un balance category

dear all

as you know for measuring relative vibration by proximity sensor on journal bearing use two sensor located by two channel x and y

45 degree from each others. to evaluating un balance (static or coupled ) we measure phase difference between de and nde of shaft.if we have  no difference phase between x channel of sensors and have a 180 degree difference between y channel of two sensors.if i evaluate by x channel we have static unbalance but by y channel we have couple unbalance.

which one is correct ?

best regards

Original Post

When I read this, I think there may be some discrepancy between the words and intended meaning.

Are the sensors one each plane (end) 45 degrees apart, or does the x sensor on one end vary from the x sensor on the other end by 45 degrees, or is 45 degrees correct?  Besides, I have no clue as to which is x and which is y.

x in phase end-to-end - what is the y out of phase end-to-end.  If these two conditions occur at the same time (which they can or at least approximate), I would try to understand the dynamics better.

I am having some issues with the intended meanings here.

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William_C._Foiles posted:

When I read this, I think there may be some discrepancy between the words and intended meaning.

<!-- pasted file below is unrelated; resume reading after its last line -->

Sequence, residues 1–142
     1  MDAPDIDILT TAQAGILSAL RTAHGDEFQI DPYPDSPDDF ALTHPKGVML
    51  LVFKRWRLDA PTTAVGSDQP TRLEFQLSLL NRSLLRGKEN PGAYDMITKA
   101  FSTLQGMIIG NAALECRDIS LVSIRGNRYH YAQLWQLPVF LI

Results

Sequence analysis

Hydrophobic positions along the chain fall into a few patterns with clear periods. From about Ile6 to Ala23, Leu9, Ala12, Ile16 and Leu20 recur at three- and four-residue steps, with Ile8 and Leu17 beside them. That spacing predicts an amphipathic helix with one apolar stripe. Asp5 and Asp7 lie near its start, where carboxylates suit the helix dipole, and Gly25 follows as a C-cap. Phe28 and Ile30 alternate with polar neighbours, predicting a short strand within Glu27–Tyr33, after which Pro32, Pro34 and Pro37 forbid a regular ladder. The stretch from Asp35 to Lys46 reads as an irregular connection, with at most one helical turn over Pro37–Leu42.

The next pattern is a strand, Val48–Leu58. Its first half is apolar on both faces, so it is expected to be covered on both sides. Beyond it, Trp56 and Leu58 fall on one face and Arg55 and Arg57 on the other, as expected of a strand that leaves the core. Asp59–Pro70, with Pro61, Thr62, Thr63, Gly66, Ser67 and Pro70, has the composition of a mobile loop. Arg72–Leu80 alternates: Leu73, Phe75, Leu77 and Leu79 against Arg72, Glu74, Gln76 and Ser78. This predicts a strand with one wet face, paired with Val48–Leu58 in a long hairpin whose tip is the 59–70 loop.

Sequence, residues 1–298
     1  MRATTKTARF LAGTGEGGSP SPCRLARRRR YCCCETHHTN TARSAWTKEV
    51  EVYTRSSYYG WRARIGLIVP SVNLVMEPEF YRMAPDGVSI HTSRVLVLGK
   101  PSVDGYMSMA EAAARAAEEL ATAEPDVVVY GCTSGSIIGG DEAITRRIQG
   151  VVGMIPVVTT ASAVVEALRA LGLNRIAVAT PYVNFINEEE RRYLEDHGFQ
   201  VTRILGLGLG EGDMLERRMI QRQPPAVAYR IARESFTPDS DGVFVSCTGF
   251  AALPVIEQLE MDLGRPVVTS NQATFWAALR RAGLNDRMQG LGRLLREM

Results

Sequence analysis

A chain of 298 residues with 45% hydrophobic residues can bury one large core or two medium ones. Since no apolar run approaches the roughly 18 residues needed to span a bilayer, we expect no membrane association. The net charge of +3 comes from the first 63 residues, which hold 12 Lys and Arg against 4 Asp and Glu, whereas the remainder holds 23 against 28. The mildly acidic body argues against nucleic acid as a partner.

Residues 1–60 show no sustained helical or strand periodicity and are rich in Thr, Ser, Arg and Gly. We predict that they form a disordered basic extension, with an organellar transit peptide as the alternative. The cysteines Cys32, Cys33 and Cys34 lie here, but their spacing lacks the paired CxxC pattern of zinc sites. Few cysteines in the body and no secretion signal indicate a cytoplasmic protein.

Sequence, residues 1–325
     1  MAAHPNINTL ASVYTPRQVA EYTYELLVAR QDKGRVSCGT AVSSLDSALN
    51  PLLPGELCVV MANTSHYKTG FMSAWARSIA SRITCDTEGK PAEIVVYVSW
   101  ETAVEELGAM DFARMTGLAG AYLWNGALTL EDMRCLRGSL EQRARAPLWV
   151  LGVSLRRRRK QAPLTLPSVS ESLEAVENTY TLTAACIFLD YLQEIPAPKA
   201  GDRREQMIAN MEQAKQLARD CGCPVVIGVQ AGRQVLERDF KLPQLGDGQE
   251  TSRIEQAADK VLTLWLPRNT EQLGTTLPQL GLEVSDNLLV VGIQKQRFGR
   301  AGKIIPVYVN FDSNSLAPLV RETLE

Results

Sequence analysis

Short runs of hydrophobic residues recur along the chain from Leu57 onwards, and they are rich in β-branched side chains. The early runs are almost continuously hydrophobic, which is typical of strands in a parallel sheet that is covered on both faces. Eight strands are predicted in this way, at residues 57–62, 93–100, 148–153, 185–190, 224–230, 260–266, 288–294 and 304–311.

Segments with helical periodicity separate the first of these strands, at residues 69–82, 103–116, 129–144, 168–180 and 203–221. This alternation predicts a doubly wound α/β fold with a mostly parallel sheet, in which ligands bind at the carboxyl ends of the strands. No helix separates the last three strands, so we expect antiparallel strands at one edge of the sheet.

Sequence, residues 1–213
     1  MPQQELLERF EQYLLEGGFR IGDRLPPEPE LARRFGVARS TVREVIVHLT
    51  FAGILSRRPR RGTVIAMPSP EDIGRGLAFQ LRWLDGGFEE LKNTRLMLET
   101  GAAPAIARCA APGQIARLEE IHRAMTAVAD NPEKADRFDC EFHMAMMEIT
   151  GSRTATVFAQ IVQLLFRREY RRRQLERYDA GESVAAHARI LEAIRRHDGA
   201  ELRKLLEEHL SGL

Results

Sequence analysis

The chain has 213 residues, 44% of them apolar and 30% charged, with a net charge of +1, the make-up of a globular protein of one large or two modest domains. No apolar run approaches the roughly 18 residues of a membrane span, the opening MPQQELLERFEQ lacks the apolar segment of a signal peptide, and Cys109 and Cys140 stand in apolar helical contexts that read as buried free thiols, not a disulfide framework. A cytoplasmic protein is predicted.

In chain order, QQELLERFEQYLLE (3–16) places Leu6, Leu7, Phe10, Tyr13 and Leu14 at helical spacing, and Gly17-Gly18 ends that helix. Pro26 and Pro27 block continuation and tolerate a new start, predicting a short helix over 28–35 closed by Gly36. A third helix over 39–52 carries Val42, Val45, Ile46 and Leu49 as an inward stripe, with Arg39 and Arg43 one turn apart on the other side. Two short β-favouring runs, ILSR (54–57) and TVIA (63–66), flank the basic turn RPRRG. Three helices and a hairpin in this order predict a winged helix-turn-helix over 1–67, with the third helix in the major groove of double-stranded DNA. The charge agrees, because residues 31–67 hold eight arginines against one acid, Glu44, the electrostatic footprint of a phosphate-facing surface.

Are the sensors one each plane (end) 45 degrees apart, or does the x sensor on one end vary from the x sensor on the other end by 45 degrees, or is 45 degrees correct?  Besides, I have no clue as to which is x and which is y.

x in phase end-to-end - what is the y out of phase end-to-end.  If these two conditions occur at the same time (which they can or at least approximate), I would try to understand the dynamics better.

I am having some issues with the intended meanings here.

i have two proximity sensor on each bearing that have two channel out put.( X channel & Y channel that located 45 degree of each others on  shaft bearing.

to identify static or couple un balance, i measure phase between X channel of  NDE bearing and X channel of DE bearing.( i see no difference phase).

but for Y channels between NDE and DE of bearing i see 180 degree phase difference.

my question is , which kind of un balance i have on the shaft? static our couple

best regards

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Your example doesn't have any logical explanation except you may have sensors mounted opposite to each other.

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aziz58 posted:

but for Y channels between NDE and DE of bearing i see 180 degree phase difference.

my question is , which kind of un balance i have on the shaft? static our couple

best regards

Is this a center hung rotor or overhung rotor?

Thanks,

Ralph

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aziz58 posted:

dear all

as you know for measuring relative vibration by proximity sensor on journal bearing use two sensor located by two channel x and y

45 degree from each others. to evaluating un balance (static or coupled ) we measure phase difference between de and nde of shaft.if we have  no difference phase between x channel of sensors and have a 180 degree difference between y channel of two sensors.if i evaluate by x channel we have static unbalance but by y channel we have couple unbalance.